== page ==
Ephesians 6:4 And, ye fathers, provoke not your children to wrath: but bring them up in the nurture and admonition of the Lord.
Here is what seems to me to be Paul’s line of reasoning: dads who become personally involved in the lives of their children, and who demonstrate to their children that they really care about them, will find more opportunities to share with their children what they as dads believe to be God’s unchanging truth.

 

Recently I had a conversation with one of my sons-in-law about this important subject and he shared with me how overwhelming this responsibility can sometimes be. I reminded him that he wasn’t perfect, nor is any mom or dad. We’re all sinners saved by grace and sometimes we mess up. When we do, we need to be honest with our children and admit our sins and perhaps even ask for their forgiveness. But I also encouraged him by reminding him that as a believer, he had the Holy Spirit living inside of him to teach and guide him. The best way to be the best dad is to seek to be a Spirit-filled dad. Walk daily in the Spirit as we studied last Wednesday night, and let the Spirit guide you. As believers, we have God as our heavenly Father and He is 100% dedicated to help us.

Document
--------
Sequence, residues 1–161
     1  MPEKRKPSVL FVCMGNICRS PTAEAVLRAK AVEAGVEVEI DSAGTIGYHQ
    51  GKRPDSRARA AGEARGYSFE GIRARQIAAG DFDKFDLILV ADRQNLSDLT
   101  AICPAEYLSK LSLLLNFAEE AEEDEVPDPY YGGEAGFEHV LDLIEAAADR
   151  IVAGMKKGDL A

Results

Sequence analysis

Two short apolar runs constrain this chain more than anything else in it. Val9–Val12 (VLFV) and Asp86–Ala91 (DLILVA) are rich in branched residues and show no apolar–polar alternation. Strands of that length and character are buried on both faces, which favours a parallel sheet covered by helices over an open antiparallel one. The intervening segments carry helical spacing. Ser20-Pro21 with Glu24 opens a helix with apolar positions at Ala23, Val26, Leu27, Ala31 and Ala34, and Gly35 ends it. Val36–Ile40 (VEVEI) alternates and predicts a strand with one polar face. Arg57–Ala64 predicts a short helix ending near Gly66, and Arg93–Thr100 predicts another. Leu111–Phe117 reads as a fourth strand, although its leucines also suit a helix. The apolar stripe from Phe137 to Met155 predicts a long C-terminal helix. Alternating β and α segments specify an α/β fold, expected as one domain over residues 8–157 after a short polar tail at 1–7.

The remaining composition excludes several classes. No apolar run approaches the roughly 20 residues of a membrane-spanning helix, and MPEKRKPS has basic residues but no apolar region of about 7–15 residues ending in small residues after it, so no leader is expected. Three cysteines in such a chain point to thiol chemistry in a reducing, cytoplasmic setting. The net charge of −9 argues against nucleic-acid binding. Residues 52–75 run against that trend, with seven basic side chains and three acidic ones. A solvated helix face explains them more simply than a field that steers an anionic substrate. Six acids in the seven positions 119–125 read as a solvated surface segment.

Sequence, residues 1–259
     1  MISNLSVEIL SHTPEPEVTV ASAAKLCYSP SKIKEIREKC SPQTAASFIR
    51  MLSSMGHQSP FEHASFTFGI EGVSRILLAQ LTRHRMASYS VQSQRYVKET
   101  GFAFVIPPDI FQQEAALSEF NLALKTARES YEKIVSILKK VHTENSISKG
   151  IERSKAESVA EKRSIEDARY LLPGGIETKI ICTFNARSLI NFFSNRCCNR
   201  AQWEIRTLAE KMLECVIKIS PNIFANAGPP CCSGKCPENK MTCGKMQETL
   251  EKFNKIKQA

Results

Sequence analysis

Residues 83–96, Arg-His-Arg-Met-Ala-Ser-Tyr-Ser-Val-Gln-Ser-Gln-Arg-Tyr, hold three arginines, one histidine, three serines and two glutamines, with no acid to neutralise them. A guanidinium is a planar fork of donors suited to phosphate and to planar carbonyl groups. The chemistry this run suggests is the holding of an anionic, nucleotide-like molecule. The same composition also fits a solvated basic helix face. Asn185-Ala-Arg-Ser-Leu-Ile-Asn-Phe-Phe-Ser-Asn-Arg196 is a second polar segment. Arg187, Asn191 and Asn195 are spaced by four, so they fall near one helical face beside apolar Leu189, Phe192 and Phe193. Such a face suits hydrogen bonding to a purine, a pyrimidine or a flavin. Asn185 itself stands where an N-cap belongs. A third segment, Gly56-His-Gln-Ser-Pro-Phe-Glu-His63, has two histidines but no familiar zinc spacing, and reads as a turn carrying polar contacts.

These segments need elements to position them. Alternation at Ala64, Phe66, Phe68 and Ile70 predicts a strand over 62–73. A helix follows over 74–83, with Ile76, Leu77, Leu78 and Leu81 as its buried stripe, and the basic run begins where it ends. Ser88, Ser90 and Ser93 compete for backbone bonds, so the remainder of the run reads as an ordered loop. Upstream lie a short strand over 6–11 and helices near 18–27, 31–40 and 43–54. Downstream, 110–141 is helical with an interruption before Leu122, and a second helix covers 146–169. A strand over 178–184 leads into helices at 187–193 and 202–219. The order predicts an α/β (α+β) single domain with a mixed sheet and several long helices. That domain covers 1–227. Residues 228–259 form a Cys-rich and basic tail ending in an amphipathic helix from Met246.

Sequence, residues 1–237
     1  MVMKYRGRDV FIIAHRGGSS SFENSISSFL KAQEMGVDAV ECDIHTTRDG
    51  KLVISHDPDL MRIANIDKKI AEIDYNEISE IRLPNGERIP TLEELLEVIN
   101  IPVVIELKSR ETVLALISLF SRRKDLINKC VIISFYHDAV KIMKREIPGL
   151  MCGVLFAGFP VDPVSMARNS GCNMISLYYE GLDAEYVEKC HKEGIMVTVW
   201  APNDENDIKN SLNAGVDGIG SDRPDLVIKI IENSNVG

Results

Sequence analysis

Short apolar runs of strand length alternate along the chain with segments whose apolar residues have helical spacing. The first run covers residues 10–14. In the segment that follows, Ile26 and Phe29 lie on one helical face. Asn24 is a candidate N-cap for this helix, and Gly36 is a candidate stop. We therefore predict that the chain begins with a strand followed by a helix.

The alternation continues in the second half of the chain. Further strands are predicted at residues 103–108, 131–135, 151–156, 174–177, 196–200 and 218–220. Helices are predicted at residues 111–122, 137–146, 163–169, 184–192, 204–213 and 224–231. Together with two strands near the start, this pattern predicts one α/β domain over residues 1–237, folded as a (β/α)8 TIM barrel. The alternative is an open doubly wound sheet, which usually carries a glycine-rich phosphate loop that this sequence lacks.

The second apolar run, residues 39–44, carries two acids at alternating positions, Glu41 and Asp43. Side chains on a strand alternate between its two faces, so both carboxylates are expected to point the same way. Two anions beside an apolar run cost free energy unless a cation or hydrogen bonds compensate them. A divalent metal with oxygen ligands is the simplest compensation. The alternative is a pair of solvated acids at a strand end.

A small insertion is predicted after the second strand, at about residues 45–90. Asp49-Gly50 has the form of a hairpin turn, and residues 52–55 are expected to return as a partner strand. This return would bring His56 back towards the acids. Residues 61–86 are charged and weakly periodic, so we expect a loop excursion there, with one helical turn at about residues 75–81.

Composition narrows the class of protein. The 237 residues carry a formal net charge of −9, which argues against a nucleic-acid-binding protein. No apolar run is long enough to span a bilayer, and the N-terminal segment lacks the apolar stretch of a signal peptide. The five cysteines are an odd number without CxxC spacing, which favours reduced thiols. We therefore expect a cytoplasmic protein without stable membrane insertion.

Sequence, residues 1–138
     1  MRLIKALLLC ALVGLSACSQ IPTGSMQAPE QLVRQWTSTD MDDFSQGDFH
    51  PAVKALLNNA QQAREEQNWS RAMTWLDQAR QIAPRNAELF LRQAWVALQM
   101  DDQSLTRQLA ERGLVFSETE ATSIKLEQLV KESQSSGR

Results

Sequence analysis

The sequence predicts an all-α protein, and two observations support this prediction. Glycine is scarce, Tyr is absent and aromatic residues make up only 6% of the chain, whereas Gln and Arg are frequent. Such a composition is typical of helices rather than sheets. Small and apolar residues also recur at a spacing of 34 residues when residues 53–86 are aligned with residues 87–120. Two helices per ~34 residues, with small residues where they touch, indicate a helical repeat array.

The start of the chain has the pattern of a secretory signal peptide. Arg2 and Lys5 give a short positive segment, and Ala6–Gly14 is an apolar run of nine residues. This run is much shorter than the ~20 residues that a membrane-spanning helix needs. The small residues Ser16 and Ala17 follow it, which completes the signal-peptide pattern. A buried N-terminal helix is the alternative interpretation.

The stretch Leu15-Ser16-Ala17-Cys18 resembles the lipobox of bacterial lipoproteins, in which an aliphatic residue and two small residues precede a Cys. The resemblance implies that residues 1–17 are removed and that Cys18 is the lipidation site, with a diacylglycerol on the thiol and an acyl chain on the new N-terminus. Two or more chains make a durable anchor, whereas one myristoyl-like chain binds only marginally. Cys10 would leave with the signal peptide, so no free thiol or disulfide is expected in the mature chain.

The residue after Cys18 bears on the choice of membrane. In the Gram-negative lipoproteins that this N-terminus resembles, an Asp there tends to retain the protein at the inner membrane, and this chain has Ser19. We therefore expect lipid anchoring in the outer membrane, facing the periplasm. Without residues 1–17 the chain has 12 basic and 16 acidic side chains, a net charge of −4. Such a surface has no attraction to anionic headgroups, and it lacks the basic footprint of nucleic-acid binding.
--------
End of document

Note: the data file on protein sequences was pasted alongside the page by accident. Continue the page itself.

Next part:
If you are a dad and not a believer, the first step to becoming the dad God wants you to be is to come to Christ for salvation. Your journey down the pathway of fatherhood needs to begin at the foot of the cross. You need to come to Christ for salvation and thus become a new person in Christ.

 

Years ago, I heard an old gospel song about a dad who was once a drunkard and abusive to his children. His children were afraid of him and hid whenever he came home. But one day he found Jesus and his life was changed forever. When he arrived home, he called out to his children and told them that their old dad was now gone, and their new dad had arrived. And from that day one, he sought to be a godly dad who raised his children to know Christ.

[1] H. Norman Wright, Always Daddy’s Girl (Ventura, CA: Regal Books, 1989) 120.

[2] ibid